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Alexandre, a young and honest farmer, is oppressed by an authoritarian wife, who makes him work like a dog. When she dies in a car crash, he decides to stay in bed, absolutely free and ... See full summary »
A decorated, aristocratic Czarist General is reduced to penury after the collapse of Imperial Russia. An old adversary, now a successful director hires the general to re-enact the revolution which deposed him.Written by
W. Louis <firstname.lastname@example.org>
EMIL JANNINGS -- World's finest dramatic actor in a brilliant successor to "The Way of all Flesh" -- and "Variety." You'll be amazed with Janning's tremendous role of the mighty general!...with men...women...a whole nation at his feet! Through flaming love...adoration...hate! To...! The most terrific climax the screen has ever known!
Based on the life of General Lodijensky, a former general in the Russian army of Czar Nicholas, who fled Russia after the 1917 Communist revolution and wound up in Hollywood, where he worked for a while as a movie extra. See more »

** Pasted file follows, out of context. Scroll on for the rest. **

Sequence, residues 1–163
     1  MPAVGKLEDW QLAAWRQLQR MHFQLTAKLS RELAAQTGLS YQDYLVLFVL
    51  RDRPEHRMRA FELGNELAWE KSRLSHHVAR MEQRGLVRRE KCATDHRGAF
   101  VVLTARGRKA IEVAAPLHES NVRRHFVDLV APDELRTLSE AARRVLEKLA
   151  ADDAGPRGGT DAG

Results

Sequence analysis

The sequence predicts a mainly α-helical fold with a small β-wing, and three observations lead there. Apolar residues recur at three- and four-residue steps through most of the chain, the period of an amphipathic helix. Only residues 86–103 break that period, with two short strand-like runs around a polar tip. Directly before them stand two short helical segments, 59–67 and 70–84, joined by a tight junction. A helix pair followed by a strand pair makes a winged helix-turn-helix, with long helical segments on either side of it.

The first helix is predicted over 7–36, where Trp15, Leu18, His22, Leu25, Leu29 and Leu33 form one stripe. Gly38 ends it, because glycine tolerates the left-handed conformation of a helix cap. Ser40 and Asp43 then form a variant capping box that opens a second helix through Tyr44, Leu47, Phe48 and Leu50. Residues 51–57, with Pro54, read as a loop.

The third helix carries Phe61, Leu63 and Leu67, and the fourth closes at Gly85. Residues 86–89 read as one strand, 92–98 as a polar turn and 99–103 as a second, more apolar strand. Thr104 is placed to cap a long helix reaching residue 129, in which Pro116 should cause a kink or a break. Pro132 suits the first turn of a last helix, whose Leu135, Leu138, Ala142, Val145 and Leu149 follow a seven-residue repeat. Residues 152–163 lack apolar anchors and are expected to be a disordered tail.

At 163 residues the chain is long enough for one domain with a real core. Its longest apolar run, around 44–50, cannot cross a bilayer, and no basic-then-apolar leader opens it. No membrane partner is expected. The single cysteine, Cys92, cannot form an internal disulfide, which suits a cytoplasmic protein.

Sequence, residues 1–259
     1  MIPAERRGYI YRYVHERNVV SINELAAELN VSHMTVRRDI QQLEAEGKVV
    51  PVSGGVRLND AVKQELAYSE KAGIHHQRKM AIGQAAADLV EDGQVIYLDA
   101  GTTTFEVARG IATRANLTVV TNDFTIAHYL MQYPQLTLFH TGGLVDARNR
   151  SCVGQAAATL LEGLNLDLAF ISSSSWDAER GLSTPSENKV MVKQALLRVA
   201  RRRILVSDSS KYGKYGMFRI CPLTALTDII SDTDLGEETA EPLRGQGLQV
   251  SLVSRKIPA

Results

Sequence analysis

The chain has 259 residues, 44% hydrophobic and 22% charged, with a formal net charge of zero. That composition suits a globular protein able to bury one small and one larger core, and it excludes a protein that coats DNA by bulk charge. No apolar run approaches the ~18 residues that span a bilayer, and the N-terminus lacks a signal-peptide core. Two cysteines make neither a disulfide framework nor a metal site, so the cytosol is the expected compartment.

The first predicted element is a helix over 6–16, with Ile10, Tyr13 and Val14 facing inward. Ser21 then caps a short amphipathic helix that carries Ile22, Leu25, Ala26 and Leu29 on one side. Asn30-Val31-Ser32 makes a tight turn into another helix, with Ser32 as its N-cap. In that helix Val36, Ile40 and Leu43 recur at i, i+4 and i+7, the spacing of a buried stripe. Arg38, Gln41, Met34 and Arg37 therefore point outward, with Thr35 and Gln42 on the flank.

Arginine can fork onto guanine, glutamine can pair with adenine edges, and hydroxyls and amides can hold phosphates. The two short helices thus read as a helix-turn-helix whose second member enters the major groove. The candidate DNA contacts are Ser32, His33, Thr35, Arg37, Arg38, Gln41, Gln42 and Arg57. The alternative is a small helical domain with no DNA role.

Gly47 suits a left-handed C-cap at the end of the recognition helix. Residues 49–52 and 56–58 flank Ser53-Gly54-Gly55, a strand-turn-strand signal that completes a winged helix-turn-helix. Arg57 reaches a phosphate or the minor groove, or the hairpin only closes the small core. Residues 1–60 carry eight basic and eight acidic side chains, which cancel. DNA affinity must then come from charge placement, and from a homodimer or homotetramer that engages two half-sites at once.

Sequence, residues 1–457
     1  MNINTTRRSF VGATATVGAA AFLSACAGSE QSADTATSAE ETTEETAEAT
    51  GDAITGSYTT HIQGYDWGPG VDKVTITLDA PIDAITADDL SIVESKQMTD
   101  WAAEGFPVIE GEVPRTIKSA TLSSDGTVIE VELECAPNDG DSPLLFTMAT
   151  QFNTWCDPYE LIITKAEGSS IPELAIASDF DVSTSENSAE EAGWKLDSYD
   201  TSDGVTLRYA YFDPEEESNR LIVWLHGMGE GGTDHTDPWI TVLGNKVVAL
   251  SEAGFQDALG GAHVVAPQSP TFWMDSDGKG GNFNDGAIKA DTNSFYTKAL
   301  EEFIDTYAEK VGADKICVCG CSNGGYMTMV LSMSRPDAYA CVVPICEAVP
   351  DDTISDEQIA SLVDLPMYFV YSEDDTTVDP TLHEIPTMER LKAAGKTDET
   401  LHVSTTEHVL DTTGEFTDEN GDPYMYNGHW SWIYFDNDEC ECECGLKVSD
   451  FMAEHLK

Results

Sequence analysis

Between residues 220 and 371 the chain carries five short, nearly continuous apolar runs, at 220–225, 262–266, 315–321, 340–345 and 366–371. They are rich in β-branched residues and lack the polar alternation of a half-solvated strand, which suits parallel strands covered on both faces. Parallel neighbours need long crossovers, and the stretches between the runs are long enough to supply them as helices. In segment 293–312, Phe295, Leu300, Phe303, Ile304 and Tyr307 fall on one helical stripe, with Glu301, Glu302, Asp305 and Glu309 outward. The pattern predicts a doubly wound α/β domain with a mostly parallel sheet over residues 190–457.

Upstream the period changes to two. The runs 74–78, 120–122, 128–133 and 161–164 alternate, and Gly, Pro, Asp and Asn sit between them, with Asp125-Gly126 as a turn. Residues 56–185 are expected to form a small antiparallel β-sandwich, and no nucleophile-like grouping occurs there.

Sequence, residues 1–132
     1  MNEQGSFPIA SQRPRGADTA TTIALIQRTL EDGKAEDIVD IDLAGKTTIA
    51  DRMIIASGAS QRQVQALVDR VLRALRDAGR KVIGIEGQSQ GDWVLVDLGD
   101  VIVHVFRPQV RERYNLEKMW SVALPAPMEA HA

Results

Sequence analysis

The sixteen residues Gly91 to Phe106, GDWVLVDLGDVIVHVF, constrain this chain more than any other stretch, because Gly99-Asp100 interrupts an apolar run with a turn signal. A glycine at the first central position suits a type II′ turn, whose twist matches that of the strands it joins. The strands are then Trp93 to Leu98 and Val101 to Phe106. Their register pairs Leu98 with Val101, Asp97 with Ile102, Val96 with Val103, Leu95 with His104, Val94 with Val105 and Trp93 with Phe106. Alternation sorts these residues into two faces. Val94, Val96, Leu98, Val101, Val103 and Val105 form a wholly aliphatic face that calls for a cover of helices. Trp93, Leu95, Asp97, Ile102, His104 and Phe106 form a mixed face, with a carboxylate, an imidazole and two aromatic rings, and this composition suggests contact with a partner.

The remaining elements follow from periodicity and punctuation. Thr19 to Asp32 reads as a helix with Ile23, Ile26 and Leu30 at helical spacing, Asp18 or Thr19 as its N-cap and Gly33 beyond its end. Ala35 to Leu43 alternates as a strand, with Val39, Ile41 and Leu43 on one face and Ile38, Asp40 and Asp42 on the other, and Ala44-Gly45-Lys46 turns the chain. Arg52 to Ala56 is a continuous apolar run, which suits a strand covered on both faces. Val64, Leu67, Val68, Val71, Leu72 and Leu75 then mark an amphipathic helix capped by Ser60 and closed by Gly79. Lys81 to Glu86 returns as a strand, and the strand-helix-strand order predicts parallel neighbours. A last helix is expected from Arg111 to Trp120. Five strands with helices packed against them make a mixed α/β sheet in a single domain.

[All goofs for this title are spoilers.]
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Member of General Staff:
[Listening at the door to what he perceives to be the Duke's seduction of Natali]
That sort of thing should always be done after caviar.
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"The Last Command" is a beautiful and extraordinary film in the best tradition of classic story-telling, with German actor Emil Jannings giving an outstanding performance for which he won the first Oscar for "Best Actor" ever. Based on the life of Russian official Theodore Lodijensky, who ran from the Soviet revolution and worked in Hollywood as an extra in silent films, Jannings plays a general who is chosen for a big historical production by a fellow countryman, a theater director who he once persecuted in Russia, for his subversive activities, and who is now in charge of the film's direction. From the first scenes when the military is selected, when he arrives in the studio, dons his costume and makes up, to the scene he impressively plays in the film-within-the-film (containing one of the most eloquent critics to cinema when turned into a cold industry that makes either films as sausages or limousines), "The Last Command" consists of a long flashback of the general's life in Russia, when he incarcerated the theater director and fell in love with a revolutionary actress. Jannings would work again for Sternberg as the protagonist of "The Blue Angel", seduced by the wicked Lola-Lola (Marlene Dietrich). Highly recommended.
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